The countries within the Sahel region, more than others, rely heavily on international and humanitarian assistance and support, in almost all areas of C-IED and other counterterrorism efforts. Many of the countries lack the resources to adequately launch attack the network operations and dismantle IEDs.
However, the lack of resources appears to have encouraged Sahel nations to seek better community cohesion. This has not only seen Sahel states utilise civilian volunteers in their military and law enforcement efforts, including intelligence and border security, but has also provided further empowerment to communities that can combat violent extremism and act as a preventative measure against recruitment for example. Such civilian efforts in the Sahel include the CJTF in Nigeria, vigilance committees in Cameroon, and ACM in Niger.
The involvement of civilians in C-IED of this scale is not seen in any of the other regions or globally. That civilians are willing and needed shows the scale of the problem faced, but may also facilitate better chances of combating such violence. However, the fact that civilians must be relied upon clearly places them in danger, and arming them also runs the risk of weapons falling into the wrong hands and accidents being caused by those who are untrained.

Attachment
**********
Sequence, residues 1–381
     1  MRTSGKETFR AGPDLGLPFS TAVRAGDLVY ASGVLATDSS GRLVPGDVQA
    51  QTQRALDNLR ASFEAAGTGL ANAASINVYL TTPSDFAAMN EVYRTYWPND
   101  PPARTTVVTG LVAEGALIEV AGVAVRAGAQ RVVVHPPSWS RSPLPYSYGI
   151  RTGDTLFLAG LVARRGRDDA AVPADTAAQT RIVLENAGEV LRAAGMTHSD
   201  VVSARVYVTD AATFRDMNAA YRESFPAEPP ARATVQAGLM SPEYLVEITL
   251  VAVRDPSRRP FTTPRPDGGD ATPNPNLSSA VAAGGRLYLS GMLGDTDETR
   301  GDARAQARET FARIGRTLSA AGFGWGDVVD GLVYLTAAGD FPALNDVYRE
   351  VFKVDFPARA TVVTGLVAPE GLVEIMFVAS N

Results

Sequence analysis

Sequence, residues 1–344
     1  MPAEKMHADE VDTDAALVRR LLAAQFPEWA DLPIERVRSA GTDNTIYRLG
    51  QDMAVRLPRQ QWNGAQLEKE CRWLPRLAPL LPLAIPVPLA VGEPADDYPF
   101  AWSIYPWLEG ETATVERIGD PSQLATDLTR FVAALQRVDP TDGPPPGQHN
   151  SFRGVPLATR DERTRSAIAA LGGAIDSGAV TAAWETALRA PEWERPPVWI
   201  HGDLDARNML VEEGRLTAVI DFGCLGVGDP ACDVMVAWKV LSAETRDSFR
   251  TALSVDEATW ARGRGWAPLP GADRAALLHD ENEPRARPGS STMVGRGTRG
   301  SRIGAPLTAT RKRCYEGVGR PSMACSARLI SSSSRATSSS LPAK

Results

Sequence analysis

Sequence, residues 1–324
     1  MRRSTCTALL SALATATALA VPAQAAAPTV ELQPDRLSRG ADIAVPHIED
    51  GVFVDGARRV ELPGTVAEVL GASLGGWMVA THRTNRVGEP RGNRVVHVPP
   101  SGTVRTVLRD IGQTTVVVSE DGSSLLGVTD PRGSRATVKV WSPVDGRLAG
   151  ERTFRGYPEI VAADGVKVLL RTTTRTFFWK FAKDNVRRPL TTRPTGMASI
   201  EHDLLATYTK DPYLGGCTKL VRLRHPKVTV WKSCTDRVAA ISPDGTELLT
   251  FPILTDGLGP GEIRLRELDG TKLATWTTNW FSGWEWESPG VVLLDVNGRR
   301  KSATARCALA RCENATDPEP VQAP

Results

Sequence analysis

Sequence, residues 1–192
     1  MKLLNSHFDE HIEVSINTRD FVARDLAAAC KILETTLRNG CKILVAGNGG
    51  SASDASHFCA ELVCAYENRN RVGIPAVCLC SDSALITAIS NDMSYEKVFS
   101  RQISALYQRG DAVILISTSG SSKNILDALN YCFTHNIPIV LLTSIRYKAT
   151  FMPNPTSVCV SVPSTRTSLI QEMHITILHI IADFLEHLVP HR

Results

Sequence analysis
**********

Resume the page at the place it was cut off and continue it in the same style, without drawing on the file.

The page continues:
Greater international assistance to Sahel nations through funds, training, and equipment for C-IED capacity building is required. Further regional support to assist the cooperation of neighbouring states is also recommended.
To see the areas of the published report, see here. To see a list of all the C-IED actors examined as part of the project, please go here. To read the full report, ‘Addressing the threat posed by IEDs: National, Regional and Global Initiatives’, see here. To see those engaged in the Middle East, the Sahel, North Africa or other highly impacted countries please see here, here, here, and here respectively. This research was made possible by funding from the NATO Counter Improvised Explosive Devices Centre of Excellence (C-IED COE) and the Norwegian Ministry of Foreign Affairs.
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